Finally, Rodney uttered one word: “Why?”


Garrad crinkled his brow. “What?”


“Why?” Rodney repeated as the older man leaned back. “What was the purpose?”


Garrad seemed taken aback. “So they would leave peacefully,” he said finally.


“That doesn’t make sense,” McKay said scornfully. “As soon as they got home, everyone would know something was wrong and come searching.”


“It is demoralizing,” Garrad said, though his words were stilted. “It frightens people.”


“Okay, there are, like a dozen things wrong with your logic,” McKay said, “the first being that it won’t frighten my team – it’ll piss them off.” Rodney closed his eyes as if the stupidity of it all actually pained him. “And you have enough technology here to defend or keep yourselves hidden from anyone who would try to attack, so why not just kidnap your scientists outright? What’s with the ‘cognizance altering’ crap?”


Garrad stared at him. “I do not need to explain myself to you.”


“Test subjects,” Emadara said quietly. Her arms were crossed as she stared, expressionless, into the middle distance. “It’s all an experiment to him.”


Rodney let the words sink in. “Oh my god,” he said, disbelieving. “You did it just because you could?” He jerked his head at the device above him. “Because you wanted to use your toy?


“Be quiet,” Garrad said again, and this time his tone was ice.


“He’s unstable,” Rodney said, turning to Emadara in desperation. “All the scientists you said he ‘convinced’ to work here – don’t you see what he really does?!”


“Garrad wouldn’t do that,” she replied, but her voice was uncertain and her eyes were on her mentor. “Garrad?”


Garrad didn’t meet her gaze. Instead, he touched the console, and the humming of the device rose in pitch.


“See?!” Rodney yelled, pleading as the mechanism began to glow with a sinister red light. “You didn’t really think he ‘reasoned’ with every single scientist he kidnapped, did you?!”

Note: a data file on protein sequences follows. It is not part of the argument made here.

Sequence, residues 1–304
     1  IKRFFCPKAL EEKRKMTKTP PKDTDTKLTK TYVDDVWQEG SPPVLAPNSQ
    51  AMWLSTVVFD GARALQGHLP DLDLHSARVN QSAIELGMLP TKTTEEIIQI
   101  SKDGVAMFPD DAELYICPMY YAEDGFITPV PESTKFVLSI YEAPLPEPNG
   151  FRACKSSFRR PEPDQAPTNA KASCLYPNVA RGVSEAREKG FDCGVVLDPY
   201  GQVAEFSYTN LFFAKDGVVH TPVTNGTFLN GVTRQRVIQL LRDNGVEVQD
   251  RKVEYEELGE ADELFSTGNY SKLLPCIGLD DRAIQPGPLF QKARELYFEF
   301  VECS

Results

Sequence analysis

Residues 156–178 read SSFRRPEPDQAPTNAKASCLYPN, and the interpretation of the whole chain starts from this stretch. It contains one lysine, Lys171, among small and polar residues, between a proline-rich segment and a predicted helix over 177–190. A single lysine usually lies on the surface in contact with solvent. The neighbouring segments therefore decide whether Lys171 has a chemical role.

Emadara’s eyes were wide with shock, and she took a step back as the whirring grew even more high-pitched.


“Emadara, you’ve got to stop him!” McKay shrieked, not caring in the least that it was a very unmanly sound. “You could be next! Hell, he might have already done it to you!”


“SILENCE!” Garrad roared, and slammed his hand down on the console.


Three things happened in very quick succession.


The first was that Emadara yelled, “No!” and ran into Garrad, bodily shoving him away from the controls.


The second was that the red light began pulsing, the humming became a high-pitched whine, and McKay arched his back and screamed as the device activated.


The third was that Lieutenant Colonel John Sheppard stepped through the doorway.




John already had his rifle leveled at Garrad and Emadara as he yelled, “Freeze!” When it became apparent neither was paying him any attention – the pair was too caught up in their own squabble – Sheppard swept his eyes over the rest of the room.


The man he recognized from the photos as his missing teammate twisted in agony against the restraints that held him. Deciding that this might be a good time to shoot first and ask questions later, John aimed at the red-glowing claw-like mechanism above the scientist’s head and put three successive single-shot rounds in it.